Academic journal article Alternatives: Global, Local, Political

Border Languages: Rumors and (Dis)placements of (Inter)national Politics

Academic journal article Alternatives: Global, Local, Political

Border Languages: Rumors and (Dis)placements of (Inter)national Politics

Article excerpt

What happens to politics when the subject cannot be located precisely, in time and space, and thus rationalized and individuated? How might collective and diffuse mechanisms of political voice and engagement contribute to a better understanding of life in the margins of modern geographies? This article advances the argument that rumors might provide us with an important exemplar of discursive imaginaries that at once interrupt and reconfigure politics. Borrowing from the work of Veena Das, it explores "the perlocutionary force of rumors" among displaced communities in urban and rural areas of South America. I argue that rumors are a medium of communication particularly suited for refugees and displaced communities and also a fundamental mechanism for coping with social trauma and of reconfiguring the terms of presence/absence under which these groups live. KEYWORDS: refugees, displaced communities, rumors, discursive imaginaries

In a 1988 essay, Gayatri Chakravorty Spivak posed the question, now even more pressing, of whether the subaltern can speak. (1) The negative answer she gave to this question stems from a criticism of forms of representation and of how the colonial legacy, and the Western subject, has molded ways of speaking of and for people and peoples who are considered to be on the margins.

Spivak's criticism is well founded. It points to important deficiencies in conventional scholarship on marginalized and oppressed groups. However, her answer also seems to foreclose other possibilities for reconsidering the political status of subalternity. Even though we must deal with the ethical dimensions of representation and with the inherent violences associated with it, does it necessarily follow that any attempt to interpret narratives arising from subaltern experiences be deemed to be vicious or to reproduce the same inequalities that allow for processes of subalternization in the first place? Spivak's warning is supposed to keep the researcher constantly attentive to the possibilities of infusing subaltern discourses with meanings and searches for origins and authenticity that might counteract their intent. As she notes, "the substantive concern for the politics of the oppressed can hide a privileging of the intellectual and of the "concrete" subject that, in fact, compound the appeal." (2)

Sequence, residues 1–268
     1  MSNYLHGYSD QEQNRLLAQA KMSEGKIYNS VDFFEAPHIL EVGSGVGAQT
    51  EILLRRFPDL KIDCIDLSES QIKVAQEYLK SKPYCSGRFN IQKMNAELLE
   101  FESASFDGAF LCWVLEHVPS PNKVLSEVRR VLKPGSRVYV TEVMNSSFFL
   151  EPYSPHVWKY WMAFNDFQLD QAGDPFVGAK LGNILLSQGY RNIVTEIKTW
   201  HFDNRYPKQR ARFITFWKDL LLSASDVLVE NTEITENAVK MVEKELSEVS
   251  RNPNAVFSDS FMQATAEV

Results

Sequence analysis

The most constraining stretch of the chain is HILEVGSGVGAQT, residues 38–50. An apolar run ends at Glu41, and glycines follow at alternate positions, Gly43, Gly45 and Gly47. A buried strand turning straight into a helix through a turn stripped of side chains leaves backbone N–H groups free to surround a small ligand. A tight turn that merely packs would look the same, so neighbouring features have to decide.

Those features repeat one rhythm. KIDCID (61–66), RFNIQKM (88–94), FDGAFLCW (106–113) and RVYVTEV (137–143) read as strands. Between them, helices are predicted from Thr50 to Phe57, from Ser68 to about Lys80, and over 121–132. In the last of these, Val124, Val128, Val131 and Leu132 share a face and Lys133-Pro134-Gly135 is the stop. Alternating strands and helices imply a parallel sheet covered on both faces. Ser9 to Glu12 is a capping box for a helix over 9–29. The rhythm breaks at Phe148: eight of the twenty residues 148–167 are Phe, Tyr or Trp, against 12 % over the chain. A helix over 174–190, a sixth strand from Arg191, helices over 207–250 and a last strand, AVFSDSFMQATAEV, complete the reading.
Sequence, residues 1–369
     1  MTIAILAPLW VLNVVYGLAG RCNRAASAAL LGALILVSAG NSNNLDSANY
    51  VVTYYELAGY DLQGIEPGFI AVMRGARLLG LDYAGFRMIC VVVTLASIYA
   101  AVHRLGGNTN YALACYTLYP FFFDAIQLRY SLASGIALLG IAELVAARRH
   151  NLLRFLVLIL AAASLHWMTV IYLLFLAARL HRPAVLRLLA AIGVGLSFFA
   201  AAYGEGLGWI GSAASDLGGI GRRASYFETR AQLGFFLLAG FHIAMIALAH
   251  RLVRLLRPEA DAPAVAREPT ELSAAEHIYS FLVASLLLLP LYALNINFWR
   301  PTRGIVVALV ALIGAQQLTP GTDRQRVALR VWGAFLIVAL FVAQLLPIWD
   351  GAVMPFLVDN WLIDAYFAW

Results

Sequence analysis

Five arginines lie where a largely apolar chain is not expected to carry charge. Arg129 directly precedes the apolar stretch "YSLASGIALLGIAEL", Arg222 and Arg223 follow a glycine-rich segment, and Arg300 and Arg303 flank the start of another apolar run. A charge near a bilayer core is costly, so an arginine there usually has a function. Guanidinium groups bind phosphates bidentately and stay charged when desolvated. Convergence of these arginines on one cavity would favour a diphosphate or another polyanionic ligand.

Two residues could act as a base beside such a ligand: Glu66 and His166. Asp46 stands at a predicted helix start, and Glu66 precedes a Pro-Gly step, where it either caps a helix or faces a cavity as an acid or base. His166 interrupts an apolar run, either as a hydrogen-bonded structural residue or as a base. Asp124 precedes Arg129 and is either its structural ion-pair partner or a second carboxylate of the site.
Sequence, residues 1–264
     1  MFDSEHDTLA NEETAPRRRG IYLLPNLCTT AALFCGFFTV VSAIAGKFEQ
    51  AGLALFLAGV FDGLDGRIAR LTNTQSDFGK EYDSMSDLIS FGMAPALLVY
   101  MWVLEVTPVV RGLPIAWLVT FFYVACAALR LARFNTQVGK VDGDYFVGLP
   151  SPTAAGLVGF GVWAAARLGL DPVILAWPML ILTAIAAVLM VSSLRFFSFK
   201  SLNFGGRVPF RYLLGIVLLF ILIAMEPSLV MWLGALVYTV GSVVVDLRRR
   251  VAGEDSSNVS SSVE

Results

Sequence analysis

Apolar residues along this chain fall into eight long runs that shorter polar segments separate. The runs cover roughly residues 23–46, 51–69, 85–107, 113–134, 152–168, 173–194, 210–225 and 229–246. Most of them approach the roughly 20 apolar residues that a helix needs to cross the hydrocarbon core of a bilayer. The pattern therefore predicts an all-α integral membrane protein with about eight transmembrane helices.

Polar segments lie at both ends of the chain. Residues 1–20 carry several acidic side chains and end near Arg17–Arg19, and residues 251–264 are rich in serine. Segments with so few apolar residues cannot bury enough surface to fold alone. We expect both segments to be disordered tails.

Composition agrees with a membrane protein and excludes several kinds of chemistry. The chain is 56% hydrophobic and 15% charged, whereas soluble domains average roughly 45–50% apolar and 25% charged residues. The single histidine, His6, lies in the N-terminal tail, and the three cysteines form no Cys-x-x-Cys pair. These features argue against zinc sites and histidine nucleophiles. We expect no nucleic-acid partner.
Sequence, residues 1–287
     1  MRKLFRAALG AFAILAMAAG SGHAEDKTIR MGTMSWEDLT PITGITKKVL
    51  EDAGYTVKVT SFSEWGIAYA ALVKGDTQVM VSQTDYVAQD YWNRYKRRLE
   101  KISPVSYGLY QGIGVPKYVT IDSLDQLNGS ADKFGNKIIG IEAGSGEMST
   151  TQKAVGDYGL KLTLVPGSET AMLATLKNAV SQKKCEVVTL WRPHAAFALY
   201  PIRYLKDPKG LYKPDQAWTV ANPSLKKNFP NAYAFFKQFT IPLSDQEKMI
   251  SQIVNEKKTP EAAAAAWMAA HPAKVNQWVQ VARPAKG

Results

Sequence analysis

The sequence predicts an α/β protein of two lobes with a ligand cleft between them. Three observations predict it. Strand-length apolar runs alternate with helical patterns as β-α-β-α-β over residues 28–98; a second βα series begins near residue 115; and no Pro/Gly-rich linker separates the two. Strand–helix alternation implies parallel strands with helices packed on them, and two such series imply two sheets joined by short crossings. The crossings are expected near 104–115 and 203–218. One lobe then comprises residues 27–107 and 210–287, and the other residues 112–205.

Here I want to argue that Spivak's question may be misplaced because it poses the problem of political subjectivity in a dichotomous way and still in terms of a centered subject. By arguing that the contemporary problem of political engagement lies in the capacity to speak or not speak, Spivak forecloses the possibility of alternative ways of being political (3) that cannot be subsumed under the rubric of binary representations. As Ashis Nandy aptly remarks, it is not just a matter of allowing the overawed to speak, but to recognize that "these new voices are, to our chagrin, a negation of our voice." (4)

I also want to argue that two moves are necessary for any investigation to avoid the pitfalls presented in Spivak's argument. One has to do with a redefinition of politics, and also of "inter"national politics--with questions about who, where, and how one can intervene in the political dialogue. The other implies a change of grammar, of the locus of voice or a "politics of awareness [whose purpose is] the rediscovery of everyday life and ordinariness as sources of and clues to human potentialities." (5) I resort to the idea of border languages as a metaphor for this double movement: a movement, first, of questioning the traditional time-space zone that political subjectivity is supposed to inhabit; namely, that of a linear connection with the territorial imaginary of the nation-state; and, second, of rethinking the process of subjectification under which a particular strand of voice is deemed as the legitimate conveyor of political ideas and ideals. Speaking from the limits, from the edges of modern political geographies, one is faced with the dilemma of having to look for alternative forms of expression and of making sense of the dire experiences of subalternity. …

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